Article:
The answer, in short, is yes. The Oval Office does come with financial perks—like a $50,000 annual expense account and a $19,000 entertainment budget, according to Business Insider—but freedom from federal income taxes isn't one of them.
According to the tax preparation company TaxSlayer, the income that commanders in chief earn isn't tax-free. The company notes that presidents must file their tax returns, and they’re subject to the same tax laws as other American citizens, including tax brackets. (In fact, U.S. presidents’ $400,000 per year salary puts them and their spouses just $18,850 shy of the highest tax bracket for married individuals filing jointly.)
Jimmy Carter voluntarily paid income tax.
In 1977, then-President Jimmy Carter voluntarily paid income tax to the Treasury Department, even though his tax burden for the prior year had been canceled out by an investment tax credit for equipment and buildings he purchased for his peanut farm, according to The Washington Post.
As Carter told the Post at the time, he had a “strong feeling” that people with the wealth he had should pay some taxes. So, he ponied up $6,000, which was roughly 15 percent of his adjusted gross income and one percentage point more than the average paid by U.S. taxpayers that year.
Barack Obama had to pay nearly $1.8 million in federal income tax.
As the White House disclosed in 2010, then-president Barack Obama paid $1,792,414 in federal income taxes on an adjusted gross income of $5,505,409, the “vast majority” of which came from proceeds from his books. (The 44th president had two published books to his name at the time: Dreams From My Father and The Audacity of Hope.)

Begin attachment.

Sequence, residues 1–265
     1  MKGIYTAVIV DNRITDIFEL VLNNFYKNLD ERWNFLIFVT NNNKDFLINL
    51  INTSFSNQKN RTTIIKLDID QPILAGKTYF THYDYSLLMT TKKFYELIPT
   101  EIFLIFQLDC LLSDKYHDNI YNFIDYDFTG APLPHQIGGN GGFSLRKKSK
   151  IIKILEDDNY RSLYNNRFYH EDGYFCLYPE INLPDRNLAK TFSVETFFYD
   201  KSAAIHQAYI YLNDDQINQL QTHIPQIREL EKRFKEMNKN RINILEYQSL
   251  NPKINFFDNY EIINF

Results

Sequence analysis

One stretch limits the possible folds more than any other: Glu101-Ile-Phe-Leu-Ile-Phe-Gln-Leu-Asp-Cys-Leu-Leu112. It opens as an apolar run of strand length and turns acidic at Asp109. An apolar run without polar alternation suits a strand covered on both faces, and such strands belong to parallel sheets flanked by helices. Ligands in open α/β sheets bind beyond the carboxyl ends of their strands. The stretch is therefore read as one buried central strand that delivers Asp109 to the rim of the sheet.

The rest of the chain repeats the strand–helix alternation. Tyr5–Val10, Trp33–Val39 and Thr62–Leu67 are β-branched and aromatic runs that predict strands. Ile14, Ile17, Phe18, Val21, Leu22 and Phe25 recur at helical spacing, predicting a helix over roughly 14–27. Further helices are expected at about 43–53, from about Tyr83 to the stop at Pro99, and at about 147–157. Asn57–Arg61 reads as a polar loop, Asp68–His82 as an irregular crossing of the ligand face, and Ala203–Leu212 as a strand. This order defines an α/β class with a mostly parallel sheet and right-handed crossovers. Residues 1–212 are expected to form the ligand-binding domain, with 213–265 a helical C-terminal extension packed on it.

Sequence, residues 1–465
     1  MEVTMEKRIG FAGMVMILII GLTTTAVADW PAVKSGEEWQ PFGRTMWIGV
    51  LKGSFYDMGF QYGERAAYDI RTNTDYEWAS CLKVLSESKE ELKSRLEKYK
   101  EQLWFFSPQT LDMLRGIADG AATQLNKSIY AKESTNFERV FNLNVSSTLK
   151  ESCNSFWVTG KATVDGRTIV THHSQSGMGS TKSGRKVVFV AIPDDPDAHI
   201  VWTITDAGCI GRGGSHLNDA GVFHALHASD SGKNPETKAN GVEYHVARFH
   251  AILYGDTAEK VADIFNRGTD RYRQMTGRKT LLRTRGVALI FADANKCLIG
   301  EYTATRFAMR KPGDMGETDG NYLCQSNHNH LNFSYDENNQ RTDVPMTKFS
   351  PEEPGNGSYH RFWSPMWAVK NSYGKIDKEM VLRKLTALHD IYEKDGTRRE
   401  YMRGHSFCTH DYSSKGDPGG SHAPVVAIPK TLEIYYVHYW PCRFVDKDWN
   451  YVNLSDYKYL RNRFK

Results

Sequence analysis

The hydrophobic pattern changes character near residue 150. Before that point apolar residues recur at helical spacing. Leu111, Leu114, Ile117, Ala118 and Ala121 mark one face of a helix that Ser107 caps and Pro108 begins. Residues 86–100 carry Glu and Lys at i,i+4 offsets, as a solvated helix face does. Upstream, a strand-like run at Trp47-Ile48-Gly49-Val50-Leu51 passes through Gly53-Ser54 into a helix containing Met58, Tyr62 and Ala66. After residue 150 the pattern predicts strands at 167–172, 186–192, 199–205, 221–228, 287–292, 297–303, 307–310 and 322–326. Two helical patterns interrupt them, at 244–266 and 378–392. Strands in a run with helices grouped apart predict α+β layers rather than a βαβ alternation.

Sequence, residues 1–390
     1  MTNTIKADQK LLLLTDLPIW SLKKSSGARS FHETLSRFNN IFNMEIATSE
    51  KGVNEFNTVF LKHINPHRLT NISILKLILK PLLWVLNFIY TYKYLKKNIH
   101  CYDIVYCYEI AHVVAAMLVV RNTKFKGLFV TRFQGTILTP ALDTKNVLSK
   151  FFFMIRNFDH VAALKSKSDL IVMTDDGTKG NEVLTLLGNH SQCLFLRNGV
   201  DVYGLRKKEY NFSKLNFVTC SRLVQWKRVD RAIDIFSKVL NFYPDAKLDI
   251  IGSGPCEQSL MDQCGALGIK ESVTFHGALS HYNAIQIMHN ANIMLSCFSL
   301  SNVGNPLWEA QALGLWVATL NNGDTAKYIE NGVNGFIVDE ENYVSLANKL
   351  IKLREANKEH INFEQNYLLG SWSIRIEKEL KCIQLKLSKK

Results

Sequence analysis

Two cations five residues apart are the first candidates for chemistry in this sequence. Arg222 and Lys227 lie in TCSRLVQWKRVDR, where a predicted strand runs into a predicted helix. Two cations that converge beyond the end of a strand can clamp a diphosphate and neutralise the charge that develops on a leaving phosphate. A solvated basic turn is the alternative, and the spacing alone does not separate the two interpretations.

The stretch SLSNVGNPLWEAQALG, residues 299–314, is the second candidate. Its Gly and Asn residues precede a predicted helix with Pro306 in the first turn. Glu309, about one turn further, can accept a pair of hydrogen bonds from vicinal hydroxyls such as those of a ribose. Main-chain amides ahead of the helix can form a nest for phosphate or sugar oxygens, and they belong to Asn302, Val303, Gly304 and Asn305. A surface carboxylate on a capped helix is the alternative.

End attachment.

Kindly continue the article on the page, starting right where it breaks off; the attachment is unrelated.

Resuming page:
Obama’s predecessor also bore a heavy tax burden during his time in office. With taxable income of $711,453 for the 2001 tax year, George W. Bush paid $250,221 in federal income taxes in 2002, as the White House reported at the time. That income total included his presidential salary and his governor salary from the year before, as well as investment income from blind trusts.
Donald Trump paid $750 in federal income taxes in 2016 and again in 2017.
As reported by The New York Times in 2020, Donald Trump paid just $750 in federal income taxes in 2016 and the same amount in 2017—which is less than what a McDonald’s manager would likely pay, as NPR pointed out at the time. For 10 out of the prior 15 tax years, Trump didn't pay any income taxes at all, according to the Times.
Reuven Avi-Yonah, a professor of tax law at the University of Michigan, told NPR that real estate developers have long enjoyed tax breaks. For example, if their companies are structured as “pass-through” businesses, then developers can deduct interest on any loans that they have. “Regular people, when they take out credit cards, for example, they pay a high interest rate,” Avi-Yonah said. They don’t get to deduct their interest.”
Trump also reported hundreds of millions of dollars in losses from his golf courses hotels, and casinos, which gave him tax breaks even when he was getting big paychecks for hosting The Apprentice. “I think he really is not a very good businessman,” Avi-Yonah observed.
Trump is still facing a criminal investigation into his business dealings, according to The Washington Post. “The fact that he’s a bad businessman does not mean that he’s not also cheating on his taxes,” Avi-Yonah told NPR.